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Ashoka University’s Ph.D. Student Shreya Kundu awarded the prestigious Charles Wallace Trust Fellowship

Charles Wallace India Trust awarded Shreya with a prestigious research fellowship; she will be consulting archives in England and Scotland for her doctoral project

Shreya Kundu is a third year Ph.D. student in the Department of History, working under the supervision of Prof. Aparna Vaidik. She has been awarded by the Charles Wallace India Trust; CWIT Research Grant is given to selective Ph.D. students enrolled in Indian Universities for short-term research visits in the UK.

Shreya joined Ashoka University in 2019 as a part of the second batch of History Ph.D. cohort. She completed her M.A. and M.Phil from Jadavpur University, Kolkata in 2017 and 2019, respectively.

At Ashoka University, her thesis explores the everyday lives and experiences of the labouring children in the jute mills of Colonial Bengal from the late nineteenth to the early twentieth century. It examines the economic, affective, and spatial dimensions of the life of the proletarian children and the ways in which their lives were interlocked with global capital, colonial policy-making, and the spaces of the factory, working-class home and school. This research interweaves histories of labour, emotions and spaces with that of the history of childhood and, in doing that, it challenges the adult masculine discourses of labour and gender history that have invisibilised the history of the labouring children in India.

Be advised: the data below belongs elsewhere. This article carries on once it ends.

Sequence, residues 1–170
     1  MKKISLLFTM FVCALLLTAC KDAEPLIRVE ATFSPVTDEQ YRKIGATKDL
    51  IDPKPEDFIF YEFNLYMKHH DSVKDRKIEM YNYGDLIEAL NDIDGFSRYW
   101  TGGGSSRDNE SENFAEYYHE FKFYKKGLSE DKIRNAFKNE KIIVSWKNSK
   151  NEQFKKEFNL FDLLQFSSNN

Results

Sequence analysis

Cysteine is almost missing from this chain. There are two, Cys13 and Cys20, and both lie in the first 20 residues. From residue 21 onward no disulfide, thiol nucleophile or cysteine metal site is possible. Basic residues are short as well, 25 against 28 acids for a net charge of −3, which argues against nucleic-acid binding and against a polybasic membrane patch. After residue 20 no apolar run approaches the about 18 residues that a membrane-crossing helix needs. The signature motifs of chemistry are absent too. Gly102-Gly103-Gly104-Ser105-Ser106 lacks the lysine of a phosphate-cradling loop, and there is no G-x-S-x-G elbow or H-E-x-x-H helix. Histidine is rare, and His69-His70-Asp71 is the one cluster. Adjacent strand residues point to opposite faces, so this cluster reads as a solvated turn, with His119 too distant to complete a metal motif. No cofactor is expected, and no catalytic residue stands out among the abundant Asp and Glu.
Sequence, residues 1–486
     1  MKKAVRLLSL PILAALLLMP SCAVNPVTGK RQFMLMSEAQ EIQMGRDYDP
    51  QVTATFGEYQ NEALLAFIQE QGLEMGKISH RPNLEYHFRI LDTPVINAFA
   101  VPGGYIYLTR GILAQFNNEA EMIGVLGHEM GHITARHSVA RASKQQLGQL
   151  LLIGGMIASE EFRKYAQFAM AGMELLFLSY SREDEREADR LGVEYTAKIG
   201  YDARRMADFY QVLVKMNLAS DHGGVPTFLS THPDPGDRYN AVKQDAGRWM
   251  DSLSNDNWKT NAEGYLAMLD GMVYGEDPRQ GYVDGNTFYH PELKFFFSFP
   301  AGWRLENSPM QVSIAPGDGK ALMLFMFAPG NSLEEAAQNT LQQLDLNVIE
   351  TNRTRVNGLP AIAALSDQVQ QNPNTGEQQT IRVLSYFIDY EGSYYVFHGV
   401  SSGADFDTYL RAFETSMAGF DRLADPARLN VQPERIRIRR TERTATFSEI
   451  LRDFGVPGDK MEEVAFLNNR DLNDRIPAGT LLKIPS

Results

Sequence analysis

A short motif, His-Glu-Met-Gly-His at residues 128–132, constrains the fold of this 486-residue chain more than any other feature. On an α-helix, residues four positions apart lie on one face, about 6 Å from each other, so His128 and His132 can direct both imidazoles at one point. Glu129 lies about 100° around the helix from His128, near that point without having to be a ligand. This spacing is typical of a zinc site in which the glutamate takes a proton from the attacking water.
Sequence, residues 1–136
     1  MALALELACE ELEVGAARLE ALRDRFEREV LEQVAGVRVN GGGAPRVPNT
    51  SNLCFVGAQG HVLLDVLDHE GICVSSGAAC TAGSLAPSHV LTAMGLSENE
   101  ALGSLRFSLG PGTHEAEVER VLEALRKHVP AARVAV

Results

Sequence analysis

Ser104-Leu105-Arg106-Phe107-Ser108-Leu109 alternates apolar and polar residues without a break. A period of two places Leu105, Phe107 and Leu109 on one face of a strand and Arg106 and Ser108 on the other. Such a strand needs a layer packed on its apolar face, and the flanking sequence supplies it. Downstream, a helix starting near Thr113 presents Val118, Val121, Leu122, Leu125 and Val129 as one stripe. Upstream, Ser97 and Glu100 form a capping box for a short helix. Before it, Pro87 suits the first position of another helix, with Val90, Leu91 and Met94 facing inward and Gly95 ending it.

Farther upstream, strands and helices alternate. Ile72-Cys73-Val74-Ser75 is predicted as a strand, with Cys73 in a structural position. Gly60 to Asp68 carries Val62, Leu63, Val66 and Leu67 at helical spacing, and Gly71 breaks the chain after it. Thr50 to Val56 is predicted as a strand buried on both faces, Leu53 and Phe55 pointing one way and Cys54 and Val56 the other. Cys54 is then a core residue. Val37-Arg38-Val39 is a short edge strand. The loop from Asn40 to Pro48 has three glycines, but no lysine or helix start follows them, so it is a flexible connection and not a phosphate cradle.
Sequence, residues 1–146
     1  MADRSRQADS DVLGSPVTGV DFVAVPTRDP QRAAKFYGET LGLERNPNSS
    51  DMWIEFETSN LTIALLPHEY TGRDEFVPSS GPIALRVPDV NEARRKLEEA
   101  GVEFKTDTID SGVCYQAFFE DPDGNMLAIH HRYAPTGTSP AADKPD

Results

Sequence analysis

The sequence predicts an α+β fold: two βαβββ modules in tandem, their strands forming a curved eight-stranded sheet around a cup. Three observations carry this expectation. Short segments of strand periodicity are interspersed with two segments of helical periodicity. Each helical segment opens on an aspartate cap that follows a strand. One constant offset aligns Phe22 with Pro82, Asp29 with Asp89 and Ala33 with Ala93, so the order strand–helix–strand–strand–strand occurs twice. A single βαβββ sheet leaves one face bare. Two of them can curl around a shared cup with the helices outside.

With the help of this grant, Shreya will be able to access various journals, Factory Commission Reports, Humanitarian Aid Collection, Legislative Reports, Committee Minutes and Missionaries’ Charity works which are not available in the Indian archives. These resource materials are spread across the archival collections at London and Birmingham in England and Manchester, Glasgow and Dundee in Scotland. Additionally, she will also be presenting a paper in the Children and Childhoods Conference at the University of Suffolk, UK.

This project begins from the historical juncture of colonial history. It addresses a wider knowledge gap in the scholarship on poor children in colonial India. Children as a segment of colonised population in colonial and national discourses have remained a focal point among the childhood historians in India. This research, however, portrays the ‘native’ children as interlocutors in the imperial, national and regional level discourses on Three C’s: Childhood, Capitalism and Colonialism which have remained an untouched area in the Indian scholarship on imperial childhood(s).

Prepared by Dr Yukti Arora

Study at Ashoka

Study at Ashoka